In the game on each turn players will take a number of cards and arrange these into piles, and then add a weight to each pile (in the form of number cards - once someone has a total >10 then this triggers the end of each round). Then in turn order other players choose which pile they want leaving the player who created the sets to pick up the remaining one. This mechanic is the heart of the game and creates the basis for the results of the cards which is to take control of areas in Venice using cubes. This part is *very* reminiscent of El Grande in that cubes can be placed, moved around, switched in and out etc and that there are several scoring rounds for specific regions before a final round when all are scored... Nothing too special here, but the game really is all about the card selection that drives what can be done with all the cubes.
I was the only person new to the game, but it's not too hard to pick up. Early rounds had some bizarre card combinations showing up with no cube placement cards arriving until a few rounds into the game. I decided to opt for a bridge building strategy, based on... well nothing more really than that I liked the idea. Noel was aiming to control some expensive areas and I'm not sure what Keith was doing but he seemed to know himself so who am I to argue ! It also seemed that Keith was getting the worse of the decisions when players had to choose who to shaft... which is strange as normally Noel and I would be picking on each other with no thought to the end result...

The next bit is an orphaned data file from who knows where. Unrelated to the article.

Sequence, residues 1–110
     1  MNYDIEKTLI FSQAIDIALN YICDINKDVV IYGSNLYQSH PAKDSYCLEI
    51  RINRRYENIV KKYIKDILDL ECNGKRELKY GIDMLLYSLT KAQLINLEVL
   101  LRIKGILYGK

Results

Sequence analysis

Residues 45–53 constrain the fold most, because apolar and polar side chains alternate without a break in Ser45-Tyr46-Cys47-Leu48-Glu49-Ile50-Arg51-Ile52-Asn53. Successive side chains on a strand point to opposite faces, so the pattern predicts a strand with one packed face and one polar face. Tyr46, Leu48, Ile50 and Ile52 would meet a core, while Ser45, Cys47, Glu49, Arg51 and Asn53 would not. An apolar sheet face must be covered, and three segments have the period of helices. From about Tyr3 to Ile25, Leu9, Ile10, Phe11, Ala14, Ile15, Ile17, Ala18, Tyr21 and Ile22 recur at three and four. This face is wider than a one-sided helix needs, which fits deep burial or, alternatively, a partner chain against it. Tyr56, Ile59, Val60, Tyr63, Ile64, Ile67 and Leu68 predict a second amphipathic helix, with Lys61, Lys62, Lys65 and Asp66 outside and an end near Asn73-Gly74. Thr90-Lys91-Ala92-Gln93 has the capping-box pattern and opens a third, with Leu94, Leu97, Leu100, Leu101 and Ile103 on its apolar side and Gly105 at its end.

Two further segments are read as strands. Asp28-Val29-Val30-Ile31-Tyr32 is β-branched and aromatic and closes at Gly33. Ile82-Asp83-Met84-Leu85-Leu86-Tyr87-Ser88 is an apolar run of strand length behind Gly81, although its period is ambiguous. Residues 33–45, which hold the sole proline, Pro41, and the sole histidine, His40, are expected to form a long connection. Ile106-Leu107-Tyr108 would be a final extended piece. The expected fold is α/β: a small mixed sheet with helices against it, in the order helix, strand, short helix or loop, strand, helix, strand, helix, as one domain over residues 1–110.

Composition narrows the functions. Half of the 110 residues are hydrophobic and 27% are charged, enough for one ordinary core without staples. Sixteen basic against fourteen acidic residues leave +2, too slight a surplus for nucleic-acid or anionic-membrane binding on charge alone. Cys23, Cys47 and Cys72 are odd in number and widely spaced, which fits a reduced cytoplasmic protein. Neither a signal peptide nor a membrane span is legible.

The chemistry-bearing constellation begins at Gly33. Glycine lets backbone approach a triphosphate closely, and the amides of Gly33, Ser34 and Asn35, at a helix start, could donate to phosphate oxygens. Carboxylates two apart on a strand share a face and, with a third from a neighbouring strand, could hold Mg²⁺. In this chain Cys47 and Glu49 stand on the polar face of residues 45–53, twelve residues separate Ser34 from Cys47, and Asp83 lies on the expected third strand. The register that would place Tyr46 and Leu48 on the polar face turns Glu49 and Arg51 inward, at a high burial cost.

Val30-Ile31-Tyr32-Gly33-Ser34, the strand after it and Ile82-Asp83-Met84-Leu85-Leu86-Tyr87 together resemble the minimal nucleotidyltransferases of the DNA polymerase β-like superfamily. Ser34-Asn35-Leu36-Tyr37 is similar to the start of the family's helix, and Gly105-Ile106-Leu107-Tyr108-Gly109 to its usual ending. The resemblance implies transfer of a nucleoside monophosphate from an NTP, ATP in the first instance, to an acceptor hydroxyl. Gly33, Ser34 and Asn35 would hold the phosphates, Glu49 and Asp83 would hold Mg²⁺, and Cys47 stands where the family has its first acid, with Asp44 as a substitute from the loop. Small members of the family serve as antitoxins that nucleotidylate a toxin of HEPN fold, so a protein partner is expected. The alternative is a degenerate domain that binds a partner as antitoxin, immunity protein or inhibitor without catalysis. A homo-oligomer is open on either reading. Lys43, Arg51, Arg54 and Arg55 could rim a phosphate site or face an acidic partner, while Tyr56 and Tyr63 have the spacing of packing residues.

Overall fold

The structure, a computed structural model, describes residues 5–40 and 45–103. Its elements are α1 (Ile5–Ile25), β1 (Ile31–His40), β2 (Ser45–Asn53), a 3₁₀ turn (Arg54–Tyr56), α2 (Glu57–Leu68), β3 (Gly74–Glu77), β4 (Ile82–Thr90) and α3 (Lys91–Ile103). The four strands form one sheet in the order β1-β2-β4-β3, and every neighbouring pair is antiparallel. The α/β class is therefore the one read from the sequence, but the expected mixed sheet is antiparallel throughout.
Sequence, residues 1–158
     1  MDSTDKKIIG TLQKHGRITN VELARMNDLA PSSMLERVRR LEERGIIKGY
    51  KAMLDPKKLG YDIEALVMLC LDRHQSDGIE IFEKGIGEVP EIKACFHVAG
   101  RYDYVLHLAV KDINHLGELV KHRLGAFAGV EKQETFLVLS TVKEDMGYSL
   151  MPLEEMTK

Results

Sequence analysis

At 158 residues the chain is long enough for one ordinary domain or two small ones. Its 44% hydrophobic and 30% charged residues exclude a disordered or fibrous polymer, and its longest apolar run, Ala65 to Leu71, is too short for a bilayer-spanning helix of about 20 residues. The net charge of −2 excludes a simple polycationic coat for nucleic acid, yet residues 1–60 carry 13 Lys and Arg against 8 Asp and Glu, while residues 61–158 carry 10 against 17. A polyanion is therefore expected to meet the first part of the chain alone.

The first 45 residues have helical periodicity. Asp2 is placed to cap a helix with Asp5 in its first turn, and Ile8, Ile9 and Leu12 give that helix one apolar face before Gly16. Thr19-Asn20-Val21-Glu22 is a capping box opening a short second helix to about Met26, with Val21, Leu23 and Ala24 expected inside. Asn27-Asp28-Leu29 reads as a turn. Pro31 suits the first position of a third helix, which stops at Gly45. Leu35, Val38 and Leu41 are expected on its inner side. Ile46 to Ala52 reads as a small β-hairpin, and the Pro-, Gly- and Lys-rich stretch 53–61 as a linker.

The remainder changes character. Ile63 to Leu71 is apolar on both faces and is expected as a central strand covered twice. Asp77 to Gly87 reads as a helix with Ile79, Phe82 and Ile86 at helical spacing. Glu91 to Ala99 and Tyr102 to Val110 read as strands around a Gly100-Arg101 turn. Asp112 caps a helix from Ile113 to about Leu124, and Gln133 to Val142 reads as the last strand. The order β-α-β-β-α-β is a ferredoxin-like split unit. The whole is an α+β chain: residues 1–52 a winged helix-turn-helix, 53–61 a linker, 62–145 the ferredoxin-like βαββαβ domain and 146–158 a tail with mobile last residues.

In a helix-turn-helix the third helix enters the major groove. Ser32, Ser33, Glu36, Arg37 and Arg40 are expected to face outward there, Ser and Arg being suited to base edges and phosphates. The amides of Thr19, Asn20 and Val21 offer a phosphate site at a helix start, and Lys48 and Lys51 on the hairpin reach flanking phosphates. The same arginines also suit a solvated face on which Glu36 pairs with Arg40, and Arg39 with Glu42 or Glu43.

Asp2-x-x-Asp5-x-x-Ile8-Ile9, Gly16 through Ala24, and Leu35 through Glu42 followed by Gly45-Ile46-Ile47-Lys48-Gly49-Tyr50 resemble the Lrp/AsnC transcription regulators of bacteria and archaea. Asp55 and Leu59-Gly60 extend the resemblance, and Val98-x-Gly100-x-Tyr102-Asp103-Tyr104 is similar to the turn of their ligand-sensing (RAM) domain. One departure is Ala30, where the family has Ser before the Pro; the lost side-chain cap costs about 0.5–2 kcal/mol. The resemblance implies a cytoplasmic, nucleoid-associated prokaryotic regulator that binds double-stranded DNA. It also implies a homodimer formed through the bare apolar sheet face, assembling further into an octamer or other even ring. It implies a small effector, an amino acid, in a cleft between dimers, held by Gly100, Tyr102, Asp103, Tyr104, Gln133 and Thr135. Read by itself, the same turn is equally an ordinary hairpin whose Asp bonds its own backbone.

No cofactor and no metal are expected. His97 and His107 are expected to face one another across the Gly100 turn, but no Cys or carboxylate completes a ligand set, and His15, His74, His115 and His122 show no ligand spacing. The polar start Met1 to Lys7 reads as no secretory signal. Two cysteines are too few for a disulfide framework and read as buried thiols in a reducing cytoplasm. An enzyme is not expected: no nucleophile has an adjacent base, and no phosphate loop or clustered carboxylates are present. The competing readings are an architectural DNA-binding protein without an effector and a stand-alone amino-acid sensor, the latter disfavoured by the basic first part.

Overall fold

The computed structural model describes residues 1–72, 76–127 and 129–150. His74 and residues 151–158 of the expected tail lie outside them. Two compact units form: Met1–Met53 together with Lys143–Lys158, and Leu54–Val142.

The first scoring round was triggered by Keith and as a result Noel and I had an extra turn... which ended up with both Noel and myself in a comfortable lead and Keith lagging behind.

The 2nd round was similar. I think Noel triggered the final phase, but after points were totalled I was in the lead by several over Noel while Keith felt like he was just there as an observer... to make sure Noel and me didn't start kicking each other under the table or anything untoward like that.

So the last round... a much tenser (and slower) affair as we could all see the impact on moves and how this might impact the final scores... and herein I think lies my problem with this game... I think the mechanic is great and the game simple to learn... but with all information totally open it's really hard not to want to spend AGES over each move as you can effectively role play all other players in trying to determine the optimal selection of cards and weights for each pile. As the game draws to a close and the impact of each move becomes more obvious I found myself fighting the urge to analyse this to the nth degree... but still probably (ok definitely) took too long on my turns. the last round continued much as before but with a nagging feeling that Noel and me had been spending to long battling each other and ignoring Keith ... although he was still behind he had a lot more cubes in play that us and the final scoring was for EVERY region, of which he controlled several...
I managed to trigger the final scoring, (while spending ages trying to find a combination of cards that would enable me to recover 8 points on Noel...) but as scores started it became apparent that Keith might suddenly be in with a shot...